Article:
Inexpensive fast-growing plants have been transformed into factories that churn out an important antimalarial drug.
Artemisinin is the only proven malaria treatment, with hundreds of millions of doses taken every year. The sweet wormwood plant (Artemisia annua) produces a precursor of the compound, artemisinic acid, only in low quantities, and is expensive to grow. To scale-up production, a team led by Ralph Bock at the Max Planck Institute of Molecular Plant Physiology in Potsdam-Golm, Germany, inserted genes for artemisinic acid synthesis into tobacco plants' chloroplasts — abundant organelles that have their own DNA. By adding 'accessory genes' that make artemisinic acid production more efficient, they created a line that pumps out 120 milligrams of artemisinic acid per kilogram of biomass.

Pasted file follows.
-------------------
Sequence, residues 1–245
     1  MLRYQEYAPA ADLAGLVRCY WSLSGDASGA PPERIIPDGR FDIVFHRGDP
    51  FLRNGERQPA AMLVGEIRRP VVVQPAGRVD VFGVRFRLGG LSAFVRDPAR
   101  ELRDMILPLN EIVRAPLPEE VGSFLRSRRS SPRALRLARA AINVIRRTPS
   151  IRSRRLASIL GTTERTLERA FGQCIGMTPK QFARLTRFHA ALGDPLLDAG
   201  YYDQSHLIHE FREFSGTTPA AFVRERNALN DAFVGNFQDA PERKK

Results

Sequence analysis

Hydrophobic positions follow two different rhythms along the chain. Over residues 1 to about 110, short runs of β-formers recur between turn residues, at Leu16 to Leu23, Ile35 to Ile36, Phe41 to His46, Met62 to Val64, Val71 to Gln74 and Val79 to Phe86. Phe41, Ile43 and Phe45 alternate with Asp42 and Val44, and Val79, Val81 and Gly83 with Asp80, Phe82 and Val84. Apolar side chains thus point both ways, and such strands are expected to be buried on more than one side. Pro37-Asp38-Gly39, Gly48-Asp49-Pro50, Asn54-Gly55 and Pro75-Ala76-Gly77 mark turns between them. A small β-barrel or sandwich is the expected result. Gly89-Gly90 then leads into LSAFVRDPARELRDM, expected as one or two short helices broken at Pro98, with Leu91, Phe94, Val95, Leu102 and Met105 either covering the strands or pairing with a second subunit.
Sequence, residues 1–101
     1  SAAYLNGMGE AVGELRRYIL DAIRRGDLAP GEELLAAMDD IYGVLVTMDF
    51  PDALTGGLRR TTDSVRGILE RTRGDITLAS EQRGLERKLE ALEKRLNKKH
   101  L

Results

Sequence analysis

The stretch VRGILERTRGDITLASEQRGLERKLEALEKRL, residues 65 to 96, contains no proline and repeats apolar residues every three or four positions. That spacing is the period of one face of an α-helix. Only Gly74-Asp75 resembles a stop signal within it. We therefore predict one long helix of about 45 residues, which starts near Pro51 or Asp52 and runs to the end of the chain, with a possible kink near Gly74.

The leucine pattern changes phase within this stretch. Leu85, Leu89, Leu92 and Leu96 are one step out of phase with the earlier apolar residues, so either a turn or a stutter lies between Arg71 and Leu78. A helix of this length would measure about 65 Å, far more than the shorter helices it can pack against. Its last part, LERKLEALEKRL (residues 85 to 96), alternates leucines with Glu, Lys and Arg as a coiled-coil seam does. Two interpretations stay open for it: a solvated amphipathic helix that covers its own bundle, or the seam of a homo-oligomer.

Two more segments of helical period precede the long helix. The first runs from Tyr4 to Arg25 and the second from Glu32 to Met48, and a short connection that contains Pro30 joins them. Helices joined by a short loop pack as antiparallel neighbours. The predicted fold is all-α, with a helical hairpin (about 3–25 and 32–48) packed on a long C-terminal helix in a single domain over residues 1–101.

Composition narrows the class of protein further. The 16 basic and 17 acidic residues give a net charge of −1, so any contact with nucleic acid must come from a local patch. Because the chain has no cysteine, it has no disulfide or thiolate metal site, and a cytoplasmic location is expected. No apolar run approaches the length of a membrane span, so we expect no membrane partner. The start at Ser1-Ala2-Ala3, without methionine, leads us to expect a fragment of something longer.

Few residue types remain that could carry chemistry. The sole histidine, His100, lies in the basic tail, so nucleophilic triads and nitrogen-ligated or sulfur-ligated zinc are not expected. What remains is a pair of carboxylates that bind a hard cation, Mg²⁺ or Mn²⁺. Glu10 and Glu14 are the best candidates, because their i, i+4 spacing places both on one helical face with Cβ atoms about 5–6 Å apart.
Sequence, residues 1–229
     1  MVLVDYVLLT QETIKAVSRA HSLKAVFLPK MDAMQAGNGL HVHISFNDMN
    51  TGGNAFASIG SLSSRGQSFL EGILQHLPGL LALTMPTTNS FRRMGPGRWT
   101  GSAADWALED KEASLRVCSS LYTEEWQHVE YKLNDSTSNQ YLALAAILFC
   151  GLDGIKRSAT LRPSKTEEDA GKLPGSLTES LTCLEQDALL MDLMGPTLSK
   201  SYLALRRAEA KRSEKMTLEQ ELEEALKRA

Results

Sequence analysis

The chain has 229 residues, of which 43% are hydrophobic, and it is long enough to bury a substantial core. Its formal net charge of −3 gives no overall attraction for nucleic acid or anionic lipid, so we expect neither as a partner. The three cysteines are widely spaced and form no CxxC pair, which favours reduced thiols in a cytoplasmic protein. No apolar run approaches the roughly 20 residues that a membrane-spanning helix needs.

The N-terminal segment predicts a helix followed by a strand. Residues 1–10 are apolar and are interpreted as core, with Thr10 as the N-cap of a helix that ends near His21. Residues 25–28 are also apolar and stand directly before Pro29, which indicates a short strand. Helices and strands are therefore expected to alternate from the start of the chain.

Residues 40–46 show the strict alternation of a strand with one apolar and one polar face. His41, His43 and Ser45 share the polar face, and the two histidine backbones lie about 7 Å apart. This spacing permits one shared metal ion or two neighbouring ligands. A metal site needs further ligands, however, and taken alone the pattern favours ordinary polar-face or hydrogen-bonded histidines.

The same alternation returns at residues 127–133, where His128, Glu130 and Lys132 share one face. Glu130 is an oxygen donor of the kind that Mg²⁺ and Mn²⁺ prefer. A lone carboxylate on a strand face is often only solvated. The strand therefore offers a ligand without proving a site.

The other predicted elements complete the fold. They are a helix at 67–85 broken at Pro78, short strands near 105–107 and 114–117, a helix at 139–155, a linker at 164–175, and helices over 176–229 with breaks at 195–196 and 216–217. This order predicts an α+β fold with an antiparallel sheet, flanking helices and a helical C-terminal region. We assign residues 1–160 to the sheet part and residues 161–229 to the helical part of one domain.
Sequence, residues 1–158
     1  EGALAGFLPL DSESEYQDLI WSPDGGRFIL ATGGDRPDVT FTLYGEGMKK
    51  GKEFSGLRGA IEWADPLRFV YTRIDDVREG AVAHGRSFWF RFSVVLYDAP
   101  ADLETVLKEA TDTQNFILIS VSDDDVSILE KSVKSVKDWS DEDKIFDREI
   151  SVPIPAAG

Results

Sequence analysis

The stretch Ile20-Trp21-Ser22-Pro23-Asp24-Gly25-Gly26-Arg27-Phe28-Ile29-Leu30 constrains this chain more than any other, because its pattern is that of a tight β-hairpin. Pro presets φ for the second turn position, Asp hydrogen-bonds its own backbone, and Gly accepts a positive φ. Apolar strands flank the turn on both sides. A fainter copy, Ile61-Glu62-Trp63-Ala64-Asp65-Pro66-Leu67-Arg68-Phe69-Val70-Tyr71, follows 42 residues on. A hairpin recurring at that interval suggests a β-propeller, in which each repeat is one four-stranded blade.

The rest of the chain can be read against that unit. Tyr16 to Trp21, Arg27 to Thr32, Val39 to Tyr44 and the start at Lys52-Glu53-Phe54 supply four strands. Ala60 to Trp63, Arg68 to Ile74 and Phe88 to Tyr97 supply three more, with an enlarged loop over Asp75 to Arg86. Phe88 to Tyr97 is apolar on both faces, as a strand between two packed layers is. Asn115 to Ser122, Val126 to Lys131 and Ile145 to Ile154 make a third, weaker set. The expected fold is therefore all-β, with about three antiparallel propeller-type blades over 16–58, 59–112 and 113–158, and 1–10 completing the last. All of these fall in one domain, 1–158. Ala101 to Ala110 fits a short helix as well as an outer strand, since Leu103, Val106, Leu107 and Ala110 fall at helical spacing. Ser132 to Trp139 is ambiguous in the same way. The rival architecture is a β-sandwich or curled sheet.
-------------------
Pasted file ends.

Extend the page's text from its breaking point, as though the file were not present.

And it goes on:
The researchers estimate that the world's demand for the drug could be met with just 200 square kilometres of tobacco fields — an area smaller than the city of Boston.
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Tobacco plants make malaria drug. Nature 534, 592 (2016). https://doi.org/10.1038/534592b